Episode 005: The Bottom Line Up Front is this: If you believe you deserve to succeed you will not self-sabotage.
Shame is Self-Induced
While that sounds simple on face value, the reasons behind low self-esteem come in infinite combinations. While helping a friend write a grant proposal for a non-profit, I developed a tool that has helped me solve complex problems in a simple way. Though my discovery here is in the realm of PTSD, it has ramifications elsewhere.
The Coulda Woulda Shouda Table:
Modern outpatient psychotherapy likes to “fix” every problem practically with 12, 1-hour sessions of individual talk therapy. Many have come accustomed to feeling ashamed to come to a counseling office, much less see a PTSD-specialized psychiatrist. Would you keep going if you expected to feel humiliated? Like you’re doing all the heavy lifting at home anyway, right? If you’re like a lot of people, the self-sabotage is for emotional reasons such as lack of forgiveness, particularly forgiving oneself.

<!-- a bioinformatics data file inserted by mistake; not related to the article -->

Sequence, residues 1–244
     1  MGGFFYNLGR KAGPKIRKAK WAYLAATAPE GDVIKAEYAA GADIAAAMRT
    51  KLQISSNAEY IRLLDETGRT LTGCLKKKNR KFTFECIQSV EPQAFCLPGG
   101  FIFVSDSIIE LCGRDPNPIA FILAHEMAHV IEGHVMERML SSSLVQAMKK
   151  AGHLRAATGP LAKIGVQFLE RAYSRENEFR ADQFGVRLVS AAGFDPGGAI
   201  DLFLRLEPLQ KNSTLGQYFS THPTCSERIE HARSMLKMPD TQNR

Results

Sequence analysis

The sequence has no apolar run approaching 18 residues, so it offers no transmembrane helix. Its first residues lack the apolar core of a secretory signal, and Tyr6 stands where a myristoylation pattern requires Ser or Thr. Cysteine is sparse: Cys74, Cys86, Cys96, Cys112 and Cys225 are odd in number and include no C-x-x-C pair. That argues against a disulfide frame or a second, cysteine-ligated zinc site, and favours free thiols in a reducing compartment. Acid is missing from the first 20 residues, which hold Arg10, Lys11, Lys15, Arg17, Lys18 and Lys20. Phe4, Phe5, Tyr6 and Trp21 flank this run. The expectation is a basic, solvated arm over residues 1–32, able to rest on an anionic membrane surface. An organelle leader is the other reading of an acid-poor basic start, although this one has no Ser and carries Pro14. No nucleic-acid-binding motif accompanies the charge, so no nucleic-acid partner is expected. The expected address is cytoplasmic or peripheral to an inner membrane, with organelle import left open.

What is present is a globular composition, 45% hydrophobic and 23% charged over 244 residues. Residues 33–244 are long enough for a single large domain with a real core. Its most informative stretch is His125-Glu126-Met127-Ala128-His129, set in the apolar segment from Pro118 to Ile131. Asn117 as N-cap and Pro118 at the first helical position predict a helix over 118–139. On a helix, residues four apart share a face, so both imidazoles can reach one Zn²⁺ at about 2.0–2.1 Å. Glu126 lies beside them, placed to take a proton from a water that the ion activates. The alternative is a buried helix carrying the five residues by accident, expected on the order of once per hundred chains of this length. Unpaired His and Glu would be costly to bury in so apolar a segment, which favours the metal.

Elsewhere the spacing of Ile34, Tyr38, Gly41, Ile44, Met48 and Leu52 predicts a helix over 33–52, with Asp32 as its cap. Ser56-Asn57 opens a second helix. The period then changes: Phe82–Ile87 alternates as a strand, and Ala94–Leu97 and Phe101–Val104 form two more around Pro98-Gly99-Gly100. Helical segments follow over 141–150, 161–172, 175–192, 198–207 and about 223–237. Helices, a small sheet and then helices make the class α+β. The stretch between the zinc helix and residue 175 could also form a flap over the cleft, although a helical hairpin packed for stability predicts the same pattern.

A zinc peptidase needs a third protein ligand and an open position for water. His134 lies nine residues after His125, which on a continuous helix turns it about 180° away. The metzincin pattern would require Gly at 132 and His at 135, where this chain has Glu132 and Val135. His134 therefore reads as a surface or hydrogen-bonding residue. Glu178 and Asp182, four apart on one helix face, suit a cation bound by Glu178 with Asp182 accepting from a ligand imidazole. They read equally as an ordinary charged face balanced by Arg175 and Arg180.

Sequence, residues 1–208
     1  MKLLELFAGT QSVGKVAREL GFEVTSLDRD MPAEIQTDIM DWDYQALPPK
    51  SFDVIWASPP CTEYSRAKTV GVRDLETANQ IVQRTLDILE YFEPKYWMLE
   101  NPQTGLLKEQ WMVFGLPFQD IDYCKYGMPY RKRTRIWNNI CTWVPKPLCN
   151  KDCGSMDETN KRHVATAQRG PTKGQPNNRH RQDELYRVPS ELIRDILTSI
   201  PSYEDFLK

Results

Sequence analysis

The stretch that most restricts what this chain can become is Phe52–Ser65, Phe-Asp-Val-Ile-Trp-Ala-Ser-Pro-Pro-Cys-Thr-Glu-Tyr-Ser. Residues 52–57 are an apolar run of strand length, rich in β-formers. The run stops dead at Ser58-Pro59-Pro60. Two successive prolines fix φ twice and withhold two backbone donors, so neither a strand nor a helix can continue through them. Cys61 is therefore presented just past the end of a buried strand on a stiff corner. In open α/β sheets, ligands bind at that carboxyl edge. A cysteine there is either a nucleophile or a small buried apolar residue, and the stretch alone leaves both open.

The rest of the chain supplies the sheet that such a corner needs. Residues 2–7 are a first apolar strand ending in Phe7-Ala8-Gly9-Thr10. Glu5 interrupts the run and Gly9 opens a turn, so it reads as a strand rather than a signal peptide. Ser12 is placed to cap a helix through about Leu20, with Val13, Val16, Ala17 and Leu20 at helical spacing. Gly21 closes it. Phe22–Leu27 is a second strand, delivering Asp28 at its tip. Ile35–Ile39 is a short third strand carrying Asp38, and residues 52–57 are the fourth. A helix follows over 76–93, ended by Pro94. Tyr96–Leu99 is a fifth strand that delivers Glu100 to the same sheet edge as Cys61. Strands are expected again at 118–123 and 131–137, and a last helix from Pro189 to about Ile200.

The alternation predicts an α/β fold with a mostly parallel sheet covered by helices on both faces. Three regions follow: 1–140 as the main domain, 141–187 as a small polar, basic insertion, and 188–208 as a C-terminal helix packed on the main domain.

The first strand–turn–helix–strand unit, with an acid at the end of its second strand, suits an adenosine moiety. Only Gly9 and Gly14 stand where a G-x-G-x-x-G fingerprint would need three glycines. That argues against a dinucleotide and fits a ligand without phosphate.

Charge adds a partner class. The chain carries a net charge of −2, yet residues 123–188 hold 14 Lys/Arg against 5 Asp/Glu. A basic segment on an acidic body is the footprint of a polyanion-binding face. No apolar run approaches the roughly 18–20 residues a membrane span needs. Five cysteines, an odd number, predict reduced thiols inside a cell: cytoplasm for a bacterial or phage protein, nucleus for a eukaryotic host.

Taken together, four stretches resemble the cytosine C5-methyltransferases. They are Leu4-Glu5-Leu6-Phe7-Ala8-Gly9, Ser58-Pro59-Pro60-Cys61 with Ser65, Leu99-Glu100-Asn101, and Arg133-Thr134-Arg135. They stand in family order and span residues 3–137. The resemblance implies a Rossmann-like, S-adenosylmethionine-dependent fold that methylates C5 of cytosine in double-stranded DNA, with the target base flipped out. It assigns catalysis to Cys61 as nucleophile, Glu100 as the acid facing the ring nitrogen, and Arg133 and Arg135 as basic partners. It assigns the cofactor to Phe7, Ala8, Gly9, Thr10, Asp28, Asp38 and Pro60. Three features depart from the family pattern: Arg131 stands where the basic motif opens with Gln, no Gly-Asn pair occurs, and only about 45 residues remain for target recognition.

The Vicious Cycle of Negative Thoughts and the Accompanying Feelings
Therefore, the problem of self-sabotage is usually one of two things playing back and forth against each other:
- Core belief of unworthiness, often due to guilt or abuse, usually invoking cognitive distortions for the condition to last for years.
- Persistent feeling of guilt or anxiety that seems to come first, then followed by thoughts of not deserving happiness. Remember, happiness comes during the active pursuit of a worthwhile goal – like writing this book!
Examples of Self Sabotage in PTSD Therapy
- Not attending all of the sessions
- Not making healing a priority in your life
- Poor lifestyle decisions (nutrition and exercise)
- Continued avoidance mechanisms (alcohol, work-aholism, emotion-stuffing)
How to End the Suffering of PTSD
Ever notice how we can sometimes make a bad situation worse? Unintentionally? When we define suffering as the emotional consequences of forecasting a negative future, we begin to see a way we can reduce the suffering. Grieve cleanly, cry and get it out – without unhealthy avoidance mechanisms. Then, when the feeling of sadness starts to subside, stop your thoughts from turning towards a negative future. Get up. And go do something else – move along with your day!